THE BOTTOM LINE
These weekly updates have admonished investors to expect the S&P-500 to “wobble” to new all-time highs, which happened twice this past week. Investors should expect more of the same, as new all-time highs will likely be followed by sharp declines, and perhaps rising volatility. However, rising bottoms now in place with both the TATY and SAMMY indicators suggests some potential for an acceleration higher in the pace of the rally. At the moment this is a lower probability, but a probability worth mentioning, subject to a breakout higher in the S&P-500, which is also confirmed by breakouts higher in TATY and SAMMY. The stock market has demonstrated an ability to move higher in the face of a “wall of worry”, even of the most deadly and tragic kind in Afghanistan.
Continuing the Ascent
These weekly updates have been advising clients that blunt analytical tools like sentiment readings, and valuation, may have some value as secondary considerations, but the Law of Supply and Demand always is the only absolute in market analysis, in any market, not just the stock market.
Fortunately, the stock market has a very long history not only in this country, but in the United Kingdom, and a few other countries as well, which means there is a vast store of data available for analysis, and by implication historical comparison. We have admonished investors that the metrics of supply and demand remain favorable to being invested, even in the face of a rising chorus of bears proclaiming the death of the great liquidity driven bull run, due to a variety of reasons from overly bullish sentiment, obscene historic over-valuation, a Kondratiev Wave wipeout down leg, the imminent collapse of the dollar, the global rise of authoritarian rule, and on and on it goes.
With bears coming out of the wood work, and the tragic images of chaos and death as America’s longest war is finally ending in Afghanistan, the stock market made a couple of new all-time highs, as an on going testament to the power of excess global liquidity seeking a home to float equity prices higher. And, by the close on Friday there was a tiny hint that the rally may have some potential to begin to accelerate higher. This circumstance could become a testament to the stock market cliché that “bull markets climb a wall of worry”. The only prediction we are willing to make is that the market will obey the Law of Supply and Demand regardless of the noise and the bad news surrounding it.
TATY — A REPRESENTATIVE OF A FAMILY OF STRATEGIC SUPPLY AND DEMAND INDICATORS
TATY is shown above in yellow in Snapshot-290 with the S&P-500 overlaid in red and blue candle chart format. TATY finished the week at a strong 149, which is much improved over recent readings.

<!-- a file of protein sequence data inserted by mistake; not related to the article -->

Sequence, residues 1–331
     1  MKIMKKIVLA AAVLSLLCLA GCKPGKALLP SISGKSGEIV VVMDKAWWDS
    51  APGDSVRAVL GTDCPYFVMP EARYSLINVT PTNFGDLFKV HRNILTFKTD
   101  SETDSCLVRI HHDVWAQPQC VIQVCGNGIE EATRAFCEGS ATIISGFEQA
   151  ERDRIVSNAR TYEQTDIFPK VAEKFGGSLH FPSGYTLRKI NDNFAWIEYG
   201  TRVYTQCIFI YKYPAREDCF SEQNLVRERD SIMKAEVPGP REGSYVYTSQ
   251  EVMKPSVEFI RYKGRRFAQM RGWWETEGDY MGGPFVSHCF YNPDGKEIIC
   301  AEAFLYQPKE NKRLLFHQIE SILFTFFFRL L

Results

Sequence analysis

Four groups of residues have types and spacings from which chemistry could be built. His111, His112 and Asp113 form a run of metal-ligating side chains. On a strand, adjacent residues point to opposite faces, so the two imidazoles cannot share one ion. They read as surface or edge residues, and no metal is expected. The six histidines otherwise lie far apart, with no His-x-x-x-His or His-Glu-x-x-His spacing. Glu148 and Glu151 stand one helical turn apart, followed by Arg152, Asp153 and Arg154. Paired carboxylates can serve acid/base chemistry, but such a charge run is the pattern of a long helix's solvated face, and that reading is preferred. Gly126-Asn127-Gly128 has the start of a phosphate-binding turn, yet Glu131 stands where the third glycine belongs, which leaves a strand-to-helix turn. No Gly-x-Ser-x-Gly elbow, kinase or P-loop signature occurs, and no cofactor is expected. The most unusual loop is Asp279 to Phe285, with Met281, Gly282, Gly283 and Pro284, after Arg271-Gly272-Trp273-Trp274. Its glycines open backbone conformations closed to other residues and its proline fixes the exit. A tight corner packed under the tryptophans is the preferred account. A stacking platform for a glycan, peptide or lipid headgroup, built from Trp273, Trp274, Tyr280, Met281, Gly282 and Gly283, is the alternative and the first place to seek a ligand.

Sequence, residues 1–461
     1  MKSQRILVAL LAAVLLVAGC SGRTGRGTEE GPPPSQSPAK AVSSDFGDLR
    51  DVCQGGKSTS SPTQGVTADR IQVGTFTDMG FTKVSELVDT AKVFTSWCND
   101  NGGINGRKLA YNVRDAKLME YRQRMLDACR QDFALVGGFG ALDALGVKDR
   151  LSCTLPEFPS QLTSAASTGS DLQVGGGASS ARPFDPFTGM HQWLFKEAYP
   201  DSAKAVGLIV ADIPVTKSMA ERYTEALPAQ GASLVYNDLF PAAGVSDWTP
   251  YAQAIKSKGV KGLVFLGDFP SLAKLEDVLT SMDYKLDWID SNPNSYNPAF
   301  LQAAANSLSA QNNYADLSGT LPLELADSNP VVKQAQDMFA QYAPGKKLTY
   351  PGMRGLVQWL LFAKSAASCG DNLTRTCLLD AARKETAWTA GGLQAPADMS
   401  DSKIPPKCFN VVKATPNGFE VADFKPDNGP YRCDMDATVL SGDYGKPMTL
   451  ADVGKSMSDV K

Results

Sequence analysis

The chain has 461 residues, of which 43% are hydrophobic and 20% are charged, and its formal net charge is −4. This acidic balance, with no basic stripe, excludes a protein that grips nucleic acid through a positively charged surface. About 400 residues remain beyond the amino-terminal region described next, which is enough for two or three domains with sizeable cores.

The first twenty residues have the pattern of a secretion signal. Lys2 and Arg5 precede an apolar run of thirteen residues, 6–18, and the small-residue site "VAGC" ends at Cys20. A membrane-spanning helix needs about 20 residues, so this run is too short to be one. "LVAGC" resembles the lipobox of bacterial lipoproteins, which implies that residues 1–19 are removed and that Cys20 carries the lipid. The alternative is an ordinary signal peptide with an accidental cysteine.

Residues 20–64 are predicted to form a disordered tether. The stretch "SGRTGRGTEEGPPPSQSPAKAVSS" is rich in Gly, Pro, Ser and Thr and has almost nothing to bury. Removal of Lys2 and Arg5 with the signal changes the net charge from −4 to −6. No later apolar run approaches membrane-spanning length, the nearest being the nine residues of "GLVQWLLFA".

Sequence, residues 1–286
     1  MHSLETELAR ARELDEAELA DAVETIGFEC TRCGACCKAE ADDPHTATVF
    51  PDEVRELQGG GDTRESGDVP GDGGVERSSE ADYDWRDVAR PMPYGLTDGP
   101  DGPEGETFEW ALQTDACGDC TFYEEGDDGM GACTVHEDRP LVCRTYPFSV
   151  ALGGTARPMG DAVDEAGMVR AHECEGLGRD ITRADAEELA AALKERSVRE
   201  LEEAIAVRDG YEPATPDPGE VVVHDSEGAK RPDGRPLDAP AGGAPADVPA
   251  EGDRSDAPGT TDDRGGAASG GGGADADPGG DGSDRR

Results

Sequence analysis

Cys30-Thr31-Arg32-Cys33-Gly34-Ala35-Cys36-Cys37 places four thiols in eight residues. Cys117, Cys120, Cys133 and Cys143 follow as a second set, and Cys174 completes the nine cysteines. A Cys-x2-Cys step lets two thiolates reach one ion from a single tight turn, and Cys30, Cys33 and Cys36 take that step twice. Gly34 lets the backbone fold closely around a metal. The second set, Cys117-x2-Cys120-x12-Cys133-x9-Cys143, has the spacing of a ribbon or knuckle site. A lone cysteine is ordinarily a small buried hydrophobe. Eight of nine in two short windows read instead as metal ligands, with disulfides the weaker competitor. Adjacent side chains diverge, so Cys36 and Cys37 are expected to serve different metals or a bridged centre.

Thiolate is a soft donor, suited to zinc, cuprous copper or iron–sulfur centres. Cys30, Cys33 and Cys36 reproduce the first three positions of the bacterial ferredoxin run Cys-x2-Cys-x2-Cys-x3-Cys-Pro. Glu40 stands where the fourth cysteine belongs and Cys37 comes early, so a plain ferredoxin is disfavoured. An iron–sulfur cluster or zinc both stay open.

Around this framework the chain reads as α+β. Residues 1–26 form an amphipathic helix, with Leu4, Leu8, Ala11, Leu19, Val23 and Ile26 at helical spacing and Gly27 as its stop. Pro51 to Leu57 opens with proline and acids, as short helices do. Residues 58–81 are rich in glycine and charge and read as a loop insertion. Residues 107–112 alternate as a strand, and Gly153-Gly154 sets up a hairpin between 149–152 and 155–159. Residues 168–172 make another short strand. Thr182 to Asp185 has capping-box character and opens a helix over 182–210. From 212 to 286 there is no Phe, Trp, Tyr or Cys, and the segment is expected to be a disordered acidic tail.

Sharp eyed investors will also note that TATY has now painted out a series of rising bottoms, the first hint that demand may be gaining ground on supply, which bodes well for the prospects of more new all-time highs. If TATY begins to paint out oscillating lows in the red zone surrounding the 140 level, and highs near the blue zone surrounding the 160 level, then that would be objective market generated evidence of gathering strength in demand over supply, which would suggest the potential for an acceleration in new all-time highs, in the absence of any “Big Chill” warning in the interim.
SAMMY — A REPRESENTATIVE OF A FAMILY OF TACTICAL SUPPLY AND DEMAND INDICATORS
SAMMY is shown above in Screenshot-277 in yellow with the S&P-500 overlaid in red and blue candle chart format. SAMMY had a good week, and while the negative divergences often mentioned in these weekly updates remain (down sloping dashed lines), there is also a very positive change worth noting, which like the rising bottoms in TATY, suggest some tiny potential for an acceleration higher in the price.
SAMMY finished the week near its recent rally high, and above its long standing orange dashed negative divergence line. And, in doing so it failed to violate support at the horizontal yellow dashed line during the recent price weakness. SAMMY has now painted out a series of rising bottoms denoted on the chart by the upsloping green dashed line. This implies an inability of the bears to take charge of the balance of supply and demand, when the price has become under pressure. And, the rally back almost to a new high from the March 2020 low suggests growing strength in demand under the surface. Yes, these are minor considerations at the moment, but a hint that the usual negative seasonal influences of September and October may be a bit muted this time around. Too soon to make much of this, but it is what it is, and the market painted this picture and not I, which makes it notable.
Screenshot-275 is of the S&P-500 with boundary lines above, and below, connecting the recent highs and lows respectively. If the rising bottoms in TATY and SAMMY are to have any real significance, then the S&P-500 will need to spike above the upper boundary line. If, coincidentally TATY and SAMMY both surge higher, then the negative seasonal tendencies of September and October may have already occurred, and the bears may be on the cusp of some very uncomfortable days ahead.